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Article
February 9, 1994

Lack of Physician Representation in Framing Policy on National Health Insurance—1938

Author Affiliations

Marshfield Clinic Marshfield, Wis

JAMA. 1994;271(6):428-429. doi:10.1001/jama.1994.03510300028025
Abstract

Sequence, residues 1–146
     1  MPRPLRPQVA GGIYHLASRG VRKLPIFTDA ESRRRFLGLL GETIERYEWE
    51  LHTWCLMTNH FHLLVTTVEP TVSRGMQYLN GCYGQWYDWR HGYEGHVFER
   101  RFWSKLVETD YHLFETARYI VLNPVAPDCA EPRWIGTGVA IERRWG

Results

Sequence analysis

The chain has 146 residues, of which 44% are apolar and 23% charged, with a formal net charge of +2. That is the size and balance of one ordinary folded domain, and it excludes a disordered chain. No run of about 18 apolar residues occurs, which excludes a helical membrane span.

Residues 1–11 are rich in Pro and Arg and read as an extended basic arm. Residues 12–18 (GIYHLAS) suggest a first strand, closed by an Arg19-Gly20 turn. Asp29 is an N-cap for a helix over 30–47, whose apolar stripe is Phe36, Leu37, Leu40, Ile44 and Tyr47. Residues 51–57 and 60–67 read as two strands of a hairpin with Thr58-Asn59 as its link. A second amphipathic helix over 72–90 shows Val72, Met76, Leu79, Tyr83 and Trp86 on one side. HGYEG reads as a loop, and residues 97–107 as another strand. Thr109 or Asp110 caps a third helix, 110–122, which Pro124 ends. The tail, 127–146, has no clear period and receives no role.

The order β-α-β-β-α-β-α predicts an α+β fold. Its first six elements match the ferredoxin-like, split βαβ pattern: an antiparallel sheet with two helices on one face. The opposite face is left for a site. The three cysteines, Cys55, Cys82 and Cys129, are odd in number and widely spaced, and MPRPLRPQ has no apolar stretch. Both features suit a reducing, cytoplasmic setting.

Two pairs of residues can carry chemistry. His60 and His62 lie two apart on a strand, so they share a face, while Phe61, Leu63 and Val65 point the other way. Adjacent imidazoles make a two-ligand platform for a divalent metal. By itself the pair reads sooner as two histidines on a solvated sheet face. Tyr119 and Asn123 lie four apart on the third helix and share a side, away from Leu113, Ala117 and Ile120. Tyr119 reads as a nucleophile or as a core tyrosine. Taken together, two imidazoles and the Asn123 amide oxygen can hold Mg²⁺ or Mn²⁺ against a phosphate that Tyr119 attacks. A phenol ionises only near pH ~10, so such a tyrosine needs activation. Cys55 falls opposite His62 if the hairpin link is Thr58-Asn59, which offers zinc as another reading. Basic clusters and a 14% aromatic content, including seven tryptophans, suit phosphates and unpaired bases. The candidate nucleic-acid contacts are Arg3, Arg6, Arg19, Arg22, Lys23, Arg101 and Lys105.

To the Editor.  —Health care reform is a major focus of the Clinton administration. The American people, the medical profession, various health-related industries, and the media are anxiously awaiting the report of Hillary Rodham Clinton's task force. Several past administrations also addressed health care reform. The debate was especially intense during the Roosevelt, Truman, and Johnson administrations when several "current" issues were the subject of controversy.Access to health care and its cost have been discussed in America for decades. Moreover, the relative roles of politicians, physicians, and others with interest in the issues have been hotly debated in the past. Recently, many individuals and organizations expressed concern that Hillary Rodham Clinton's task force does not include adequate physician representation. In 1938, during an intense debate over national health insurance, JAMA editor Morris Fishbein, MD, responded to a letter from Alfred Cohn, MD, an influential clinical scientist at the Rockefeller

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